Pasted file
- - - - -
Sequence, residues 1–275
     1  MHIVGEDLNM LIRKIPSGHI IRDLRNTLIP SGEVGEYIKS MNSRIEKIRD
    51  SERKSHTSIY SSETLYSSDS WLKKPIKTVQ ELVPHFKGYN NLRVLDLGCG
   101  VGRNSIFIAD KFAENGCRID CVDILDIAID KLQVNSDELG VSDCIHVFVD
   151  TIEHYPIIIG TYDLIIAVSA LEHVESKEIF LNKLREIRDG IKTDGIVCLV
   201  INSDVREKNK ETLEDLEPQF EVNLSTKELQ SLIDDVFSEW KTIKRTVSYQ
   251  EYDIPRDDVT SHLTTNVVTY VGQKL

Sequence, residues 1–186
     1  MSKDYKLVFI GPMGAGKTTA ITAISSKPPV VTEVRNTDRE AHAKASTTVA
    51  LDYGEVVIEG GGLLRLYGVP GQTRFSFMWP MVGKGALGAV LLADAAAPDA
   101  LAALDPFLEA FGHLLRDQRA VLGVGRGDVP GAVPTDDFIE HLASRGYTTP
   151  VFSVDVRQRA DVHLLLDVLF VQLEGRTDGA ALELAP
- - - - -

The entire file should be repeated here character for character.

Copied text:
Sequence, residues 1–275
     1  MHIVGEDLNM LIRKIPSGHI IRDLRNTLIP SGEVGEYIKS MNSRIEKIRD
    51  SERKSHTSIY SSETLYSSDS WLKKPIKTVQ ELVPHFKGYN NLRVLDLGCG
   101  VGRNSIFIAD KFAENGCRID CVDILDIAID KLQVNSDELG VSDCIHVFVD
   151  TIEHYPIIIG TYDLIIAVSA LEHVESKEIF LNKLREIRDG IKTDGIVCLV
   201  INSDVREKNK ETLEDLEPQF EVNLSTKELQ SLIDDVFSEW KTIKRTVSYQ
   251  EYDIPRDDVT SHLTTNVVTY VGQKL

Sequence, residues 1–186
     1  MSKDYKLVFI GPMGAGKTTA ITAISSKPPV VTEVRNTDRE AHAKASTTVA
    51  LDYGEVVIEG GGLLRLYGVP GQTRFSFMWP MVGKGALGAV LLADAAAPDA
   101  LAALDPFLEA FGHLLRDQRA VLGVGRGDVP GAVPTDDFIE HLASRGYTTP
   151  VFSVDVRQRA DVHLLLDVLF VQLEGRTDGA ALELAP